Awards and Events in association withCreative Circle

Amani Duncan Wants to Create a Jury Room Where “Everyone Feels Welcome and Respected”

Advertising Agency
New York, USA
Ahead of the Entertainment for Music Cannes Lions category, the CEO of BBH USA speaks to LBB’s Nisna Mahtani about wanting to “experience FOMO” for work she didn’t create

A first-time jury president for the Entertainment for Music category at Cannes Lions 2022, CEO at BBH USA, Amani Duncan is ready to see the work that follows last year’s winner, Lil Nas X. Having preciously served on juries, Amani is no stranger to the process behind judging advertising’s most coveted awards, but in her jury room this year, she’s ready to champion inclusivity and respect as she supports her fellow judges.

Amani began working in the recorded music industry straight out of college and she’s ready to feel FOMO, be inspired by work that wasn’t created by her own agency and celebrate all things creative. With this year’s jury taking place in person for the first time since the pandemic, she’s excited to see the face-to-face discussions which will determine this year’s award winners. She says, “I don’t think I’m alone in the excitement around getting back to judging, participating and connecting face-to-face. I believe the industry has done a good job pivoting during the pandemic, but nothing replaces coming together in person.”

LBB’s Nisna Mahtani spoke to Amani about what she’s expecting to see this year.

LBB> For you and your leadership style, in your opinion, what makes a good jury president? And how do you hope to lead the jury room?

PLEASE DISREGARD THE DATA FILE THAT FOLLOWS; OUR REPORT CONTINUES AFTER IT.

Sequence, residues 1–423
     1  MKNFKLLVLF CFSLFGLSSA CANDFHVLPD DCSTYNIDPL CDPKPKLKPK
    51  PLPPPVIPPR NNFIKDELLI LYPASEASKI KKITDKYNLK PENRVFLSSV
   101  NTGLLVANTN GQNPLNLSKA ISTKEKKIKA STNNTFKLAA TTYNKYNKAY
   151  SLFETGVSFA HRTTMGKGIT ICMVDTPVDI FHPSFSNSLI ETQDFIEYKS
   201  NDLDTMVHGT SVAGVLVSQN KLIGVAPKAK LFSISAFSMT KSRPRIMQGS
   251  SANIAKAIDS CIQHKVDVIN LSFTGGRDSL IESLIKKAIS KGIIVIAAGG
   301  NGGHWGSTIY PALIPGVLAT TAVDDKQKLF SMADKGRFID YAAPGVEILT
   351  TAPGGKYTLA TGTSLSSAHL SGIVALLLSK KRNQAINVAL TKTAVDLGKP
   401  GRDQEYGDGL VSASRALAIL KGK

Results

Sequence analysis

Amani> While this is my first opportunity to serve as jury president, I think one of the most important things someone in this position can do is create an environment where everyone feels welcome and respected. We have a big responsibility as the awarded work sets the tone and tenor for the industry in the following years so it is critical that the jury president facilitates stimulating and honest conversations to ensure the best work is represented in the final outcome.

LBB> What is it about the Entertainment for Music category that really excites or interests you?

Amani> I spent a decade working in the recorded music industry. It was my first job out of college. I zagged for decades, holding positions in various industries that all understood the importance of music. The introduction of the Entertainment for Music Lions six years ago was simply confirmation that brands and creators understand how important music integration is when connecting to existing customers and recruiting new ones.

LBB> It’s the first in-person Cannes since the start of the pandemic, a pivotal moment for an industry that’s been massively disrupted - how do you think that’s going to shape your thinking about your category in particular?

Amani> I’m thrilled that my first jury president experience will be in person – and I don’t think I’m alone in the excitement around getting back to judging, participating and connecting face-to-face. I believe the industry has done a good job pivoting during the pandemic, but nothing replaces coming together in person. Also, debating the merits of work takes on new meaning when done in person. The passion someone may feel about a piece of work is hard to truly feel via a computer screen.